A lot can be learned about personal branding from Winnie the Pooh & Friends:
Many years ago we had a family friend who believed she was able to simplify anyone she encountered into a character from Winnie the Pooh & Friends. He’s a real Tigger, so impulsive. She’s a Piglet, such a worry-wort. He’s so Rabbit, a regular self-proclaimed know-it-all. She is so curiously Roo! What a hard-working Gopher! She is as loyal a friend as Pooh. Could he be any more gloomy? Such an Eeyore! And on and on. By the way, as you may have guessed, she was a real Tigger, bouncy, impulsive, and more than a bit annoying, at times. Honestly, I don’t recall who she pegged me to be.
Anyway, I had totally forgotten these memories until I recently agreed to speak about Personal Branding and Trademarks at an Annual Paralegal Convention, where the overall convention theme was “Maximize Your Marketability,” and for some reason, they came rushing back to me.
Why? I suppose, because Pooh, Tigger, Piglet, Roo, and Eeyore are not only copyrighted fictional characters, but they also are protectable trademarks (and at least Pooh, Tigger, and Roo are the subject of a pending trademark opposition proceeding between Disney and Stephen Slesinger, Inc.), and perhaps most importantly, they all represent personal branding caricatures too.
Now, I’m not one to believe in the existence of single-dimension people. Near as I can tell, most of us share multiple characteristics from multiple Pooh & Friends characters among many others. Having said that, for what its worth, my two cents on the subject of Personal Branding is that if you’re not careful, thoughtful, and intentional about building and cultivating a multi-dimensional personal brand, you run the risk of being unfairly reduced to a one-dimensional caricature with no reach or respect beyond your most dominant skill or personality trait.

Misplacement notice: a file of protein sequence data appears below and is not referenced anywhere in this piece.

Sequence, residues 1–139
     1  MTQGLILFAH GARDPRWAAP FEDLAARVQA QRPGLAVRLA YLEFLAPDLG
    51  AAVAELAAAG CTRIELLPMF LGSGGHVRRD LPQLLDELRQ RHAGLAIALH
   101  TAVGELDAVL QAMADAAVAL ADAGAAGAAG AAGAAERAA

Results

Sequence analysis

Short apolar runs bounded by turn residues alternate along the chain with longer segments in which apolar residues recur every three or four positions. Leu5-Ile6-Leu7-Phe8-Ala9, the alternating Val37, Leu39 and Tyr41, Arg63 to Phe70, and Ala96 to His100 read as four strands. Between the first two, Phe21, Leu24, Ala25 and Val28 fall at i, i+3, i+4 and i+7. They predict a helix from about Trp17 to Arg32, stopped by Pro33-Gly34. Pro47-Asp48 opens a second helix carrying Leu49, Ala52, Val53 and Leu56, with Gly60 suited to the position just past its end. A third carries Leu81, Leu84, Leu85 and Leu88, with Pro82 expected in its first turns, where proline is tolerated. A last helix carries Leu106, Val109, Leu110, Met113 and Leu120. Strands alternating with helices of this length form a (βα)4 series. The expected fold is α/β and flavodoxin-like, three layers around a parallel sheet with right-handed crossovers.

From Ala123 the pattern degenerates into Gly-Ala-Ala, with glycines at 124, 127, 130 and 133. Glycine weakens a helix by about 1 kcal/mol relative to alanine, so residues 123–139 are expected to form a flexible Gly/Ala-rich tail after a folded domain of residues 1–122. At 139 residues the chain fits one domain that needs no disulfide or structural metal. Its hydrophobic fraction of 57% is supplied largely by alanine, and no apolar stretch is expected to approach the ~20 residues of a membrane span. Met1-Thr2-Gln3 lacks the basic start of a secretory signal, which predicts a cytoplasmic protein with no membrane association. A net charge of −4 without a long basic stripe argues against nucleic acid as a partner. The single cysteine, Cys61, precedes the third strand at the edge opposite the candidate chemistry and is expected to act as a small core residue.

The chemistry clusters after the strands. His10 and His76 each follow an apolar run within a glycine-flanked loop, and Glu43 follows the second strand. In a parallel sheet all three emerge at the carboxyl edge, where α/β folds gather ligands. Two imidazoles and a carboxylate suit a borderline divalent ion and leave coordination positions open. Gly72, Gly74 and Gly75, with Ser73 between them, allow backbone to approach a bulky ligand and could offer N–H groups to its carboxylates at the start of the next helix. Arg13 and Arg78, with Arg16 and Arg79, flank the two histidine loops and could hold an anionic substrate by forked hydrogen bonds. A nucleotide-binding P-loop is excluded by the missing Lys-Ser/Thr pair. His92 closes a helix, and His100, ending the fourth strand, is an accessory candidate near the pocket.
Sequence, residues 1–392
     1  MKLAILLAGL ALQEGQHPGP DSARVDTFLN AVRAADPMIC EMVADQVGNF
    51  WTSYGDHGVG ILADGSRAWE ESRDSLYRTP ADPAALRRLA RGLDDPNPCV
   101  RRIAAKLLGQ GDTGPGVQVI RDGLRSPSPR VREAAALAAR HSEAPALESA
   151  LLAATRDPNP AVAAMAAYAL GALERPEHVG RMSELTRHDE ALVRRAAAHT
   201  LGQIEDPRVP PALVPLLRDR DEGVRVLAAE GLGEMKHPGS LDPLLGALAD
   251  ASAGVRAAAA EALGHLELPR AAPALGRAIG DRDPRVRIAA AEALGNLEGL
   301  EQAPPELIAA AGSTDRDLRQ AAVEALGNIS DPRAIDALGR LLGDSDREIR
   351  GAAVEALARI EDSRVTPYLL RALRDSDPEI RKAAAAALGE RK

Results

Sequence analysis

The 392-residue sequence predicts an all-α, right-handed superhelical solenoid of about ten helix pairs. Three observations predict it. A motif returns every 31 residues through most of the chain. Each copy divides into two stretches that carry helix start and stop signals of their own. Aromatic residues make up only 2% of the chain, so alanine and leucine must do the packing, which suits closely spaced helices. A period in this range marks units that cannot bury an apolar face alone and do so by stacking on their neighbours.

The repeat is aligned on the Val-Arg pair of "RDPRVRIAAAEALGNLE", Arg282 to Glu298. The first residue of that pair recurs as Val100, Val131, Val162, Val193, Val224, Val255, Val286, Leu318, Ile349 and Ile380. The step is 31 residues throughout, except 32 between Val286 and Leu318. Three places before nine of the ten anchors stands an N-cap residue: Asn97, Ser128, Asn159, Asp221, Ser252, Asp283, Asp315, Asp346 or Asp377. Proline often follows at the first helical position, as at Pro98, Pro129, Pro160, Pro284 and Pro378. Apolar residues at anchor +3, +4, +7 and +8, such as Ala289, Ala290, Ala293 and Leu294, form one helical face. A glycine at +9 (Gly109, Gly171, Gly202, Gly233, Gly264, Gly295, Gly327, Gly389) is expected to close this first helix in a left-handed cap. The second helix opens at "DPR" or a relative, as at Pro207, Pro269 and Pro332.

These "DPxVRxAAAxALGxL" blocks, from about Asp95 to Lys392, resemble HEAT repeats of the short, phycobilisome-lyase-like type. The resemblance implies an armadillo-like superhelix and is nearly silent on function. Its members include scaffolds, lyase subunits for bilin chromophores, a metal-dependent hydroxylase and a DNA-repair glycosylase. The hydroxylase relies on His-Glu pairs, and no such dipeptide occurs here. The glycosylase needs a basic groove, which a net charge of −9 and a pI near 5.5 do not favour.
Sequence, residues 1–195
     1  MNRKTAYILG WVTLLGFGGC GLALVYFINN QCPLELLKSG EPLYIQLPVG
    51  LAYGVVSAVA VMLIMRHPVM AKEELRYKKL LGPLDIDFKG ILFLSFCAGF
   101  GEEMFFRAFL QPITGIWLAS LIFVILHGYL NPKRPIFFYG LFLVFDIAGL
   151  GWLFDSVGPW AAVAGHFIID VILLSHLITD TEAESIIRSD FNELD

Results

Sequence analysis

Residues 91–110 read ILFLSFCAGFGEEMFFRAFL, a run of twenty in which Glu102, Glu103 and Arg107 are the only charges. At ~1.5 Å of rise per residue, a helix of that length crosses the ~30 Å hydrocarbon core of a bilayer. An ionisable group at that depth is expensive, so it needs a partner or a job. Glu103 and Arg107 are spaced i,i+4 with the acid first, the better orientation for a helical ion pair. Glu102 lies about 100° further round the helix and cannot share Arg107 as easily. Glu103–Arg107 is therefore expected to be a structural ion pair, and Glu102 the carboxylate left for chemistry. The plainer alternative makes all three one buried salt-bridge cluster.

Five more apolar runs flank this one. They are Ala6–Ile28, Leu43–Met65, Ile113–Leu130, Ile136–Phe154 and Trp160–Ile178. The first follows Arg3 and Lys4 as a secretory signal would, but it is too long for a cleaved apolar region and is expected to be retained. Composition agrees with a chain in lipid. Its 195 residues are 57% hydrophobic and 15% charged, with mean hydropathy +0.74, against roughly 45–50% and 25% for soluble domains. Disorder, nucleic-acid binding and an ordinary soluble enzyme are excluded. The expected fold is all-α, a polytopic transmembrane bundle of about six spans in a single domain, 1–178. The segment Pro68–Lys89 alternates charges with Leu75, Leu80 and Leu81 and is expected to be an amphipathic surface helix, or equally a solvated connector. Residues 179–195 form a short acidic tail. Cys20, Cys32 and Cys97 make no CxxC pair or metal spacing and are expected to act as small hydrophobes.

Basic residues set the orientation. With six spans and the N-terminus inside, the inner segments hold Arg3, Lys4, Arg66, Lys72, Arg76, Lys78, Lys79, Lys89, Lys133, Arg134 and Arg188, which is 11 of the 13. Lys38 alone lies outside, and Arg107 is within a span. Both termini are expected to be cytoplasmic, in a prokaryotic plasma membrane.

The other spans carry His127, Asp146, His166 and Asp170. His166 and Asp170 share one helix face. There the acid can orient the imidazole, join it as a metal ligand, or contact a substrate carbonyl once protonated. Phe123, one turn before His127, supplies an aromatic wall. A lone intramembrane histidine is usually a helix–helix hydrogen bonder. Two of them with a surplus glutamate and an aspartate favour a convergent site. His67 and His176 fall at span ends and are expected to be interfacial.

In other words, if your sky is always falling with Piglet-style worries that never come true, it will be hard for anyone to take your concerns seriously, even when they are Christopher Robin legitimate. Perhaps Chicken Little is a distant Disney cousin and The Boy Who Cried Wolf a distant Aesop cousin of “a very small animal” named Piglet.
Now, when it comes to living human beings, it is hard not to think of Oprah Winfrey, Donald Trump, and Martha Stewart (this Martha image demonstrates the dynamic and elastic nature of a personal brand), when considering truly iconic personal brands that are also legally protected as trademarks: Oprah for a variety of housewares and personal care items, Donald Trump for fragrances, The Donald for prepared alcoholic cocktails, Donald J. Trump Signature Collection for a variety of personal care items, and Martha Stewart for all kinds of houseware items.
Having said all that, one might ask whether the notion of “personal branding” has been taken a bit too far when this past week, the passing of Michael Jackson, Farrah Fawcett, and Ed McMahon, is referred to collectively as the “Death of Three Personal Brands.”
I suspect that forms of “personal branding” have been around for ages, but it only appears to have acquired the name a decade ago when it apparently was coined by author Tom Peters in 1997. By the way, Tom Peters will certainly want to keep his personal brand distinct from one-letter-away Tom Petters.
Over the last decade, Personal Branding has become quite the cottage industry for consultants. If you’re interested, you might check out: Dan Schawbel author of Me 2.0, Personal Branding Blog and Personal Branding Magazine; Jeffrey Scott Sherman’s White Paper entitled “Creating a Truly Money Making Asset the Art of Personal Branding“; Brenda Bence author of “How You are Like Shampoo“; William Arruda author of “Career Distinction: Stand Out By Building Your Brand“; and Colin Wright author of “Personal Branding: The Least You Need to Know.”
One of the universal truths about personal branding is that you don’t need to read about yourself in the tabloids or even own a federal trademark registration to possess a personal brand: You, me, Joe the Plumber, and even June the Trademark Paralegal, all have personal brands to build.
Indeed, a few recent trademark paralegal job postings have brought to vibrant life the critical importance of personal branding even to trademark types: Both the TTABlog and the Trademark Blog recently posted job openings for “rock star” and “fantastic” trademark paralegals. How long until we start to see cautions in these job listings like: Eeyores and Piglets need not apply?